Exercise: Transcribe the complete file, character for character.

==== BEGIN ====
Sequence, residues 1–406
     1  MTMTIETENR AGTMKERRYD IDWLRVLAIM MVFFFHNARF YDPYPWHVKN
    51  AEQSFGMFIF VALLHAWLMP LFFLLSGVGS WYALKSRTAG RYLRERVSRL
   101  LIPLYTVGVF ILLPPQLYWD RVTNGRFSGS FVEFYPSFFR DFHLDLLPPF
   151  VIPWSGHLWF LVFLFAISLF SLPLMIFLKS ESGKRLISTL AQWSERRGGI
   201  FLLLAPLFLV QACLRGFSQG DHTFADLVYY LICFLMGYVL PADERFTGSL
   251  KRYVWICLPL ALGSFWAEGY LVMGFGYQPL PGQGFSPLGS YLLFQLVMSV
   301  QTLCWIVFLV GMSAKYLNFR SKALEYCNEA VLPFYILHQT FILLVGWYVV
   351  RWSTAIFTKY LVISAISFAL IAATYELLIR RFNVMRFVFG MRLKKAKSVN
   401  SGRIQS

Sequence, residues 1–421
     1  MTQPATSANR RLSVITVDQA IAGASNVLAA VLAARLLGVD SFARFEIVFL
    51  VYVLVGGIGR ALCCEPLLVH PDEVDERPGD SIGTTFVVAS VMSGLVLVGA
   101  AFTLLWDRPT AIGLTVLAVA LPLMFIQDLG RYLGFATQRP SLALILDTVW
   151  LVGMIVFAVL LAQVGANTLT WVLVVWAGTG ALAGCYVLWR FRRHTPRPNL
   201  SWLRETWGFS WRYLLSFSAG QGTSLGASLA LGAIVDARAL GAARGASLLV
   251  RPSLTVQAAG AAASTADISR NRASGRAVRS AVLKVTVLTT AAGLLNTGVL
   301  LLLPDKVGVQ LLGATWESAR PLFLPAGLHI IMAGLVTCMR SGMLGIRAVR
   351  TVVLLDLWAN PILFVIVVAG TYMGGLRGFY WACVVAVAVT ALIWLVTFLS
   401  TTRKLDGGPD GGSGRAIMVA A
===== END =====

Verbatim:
Sequence, residues 1–406
     1  MTMTIETENR AGTMKERRYD IDWLRVLAIM MVFFFHNARF YDPYPWHVKN
    51  AEQSFGMFIF VALLHAWLMP LFFLLSGVGS WYALKSRTAG RYLRERVSRL
   101  LIPLYTVGVF ILLPPQLYWD RVTNGRFSGS FVEFYPSFFR DFHLDLLPPF
   151  VIPWSGHLWF LVFLFAISLF SLPLMIFLKS ESGKRLISTL AQWSERRGGI
   201  FLLLAPLFLV QACLRGFSQG DHTFADLVYY LICFLMGYVL PADERFTGSL
   251  KRYVWICLPL ALGSFWAEGY LVMGFGYQPL PGQGFSPLGS YLLFQLVMSV
   301  QTLCWIVFLV GMSAKYLNFR SKALEYCNEA VLPFYILHQT FILLVGWYVV
   351  RWSTAIFTKY LVISAISFAL IAATYELLIR RFNVMRFVFG MRLKKAKSVN
   401  SGRIQS

Sequence, residues 1–421
     1  MTQPATSANR RLSVITVDQA IAGASNVLAA VLAARLLGVD SFARFEIVFL
    51  VYVLVGGIGR ALCCEPLLVH PDEVDERPGD SIGTTFVVAS VMSGLVLVGA
   101  AFTLLWDRPT AIGLTVLAVA LPLMFIQDLG RYLGFATQRP SLALILDTVW
   151  LVGMIVFAVL LAQVGANTLT WVLVVWAGTG ALAGCYVLWR FRRHTPRPNL
   201  SWLRETWGFS WRYLLSFSAG QGTSLGASLA LGAIVDARAL GAARGASLLV
   251  RPSLTVQAAG AAASTADISR NRASGRAVRS AVLKVTVLTT AAGLLNTGVL
   301  LLLPDKVGVQ LLGATWESAR PLFLPAGLHI IMAGLVTCMR SGMLGIRAVR
   351  TVVLLDLWAN PILFVIVVAG TYMGGLRGFY WACVVAVAVT ALIWLVTFLS
   401  TTRKLDGGPD GGSGRAIMVA A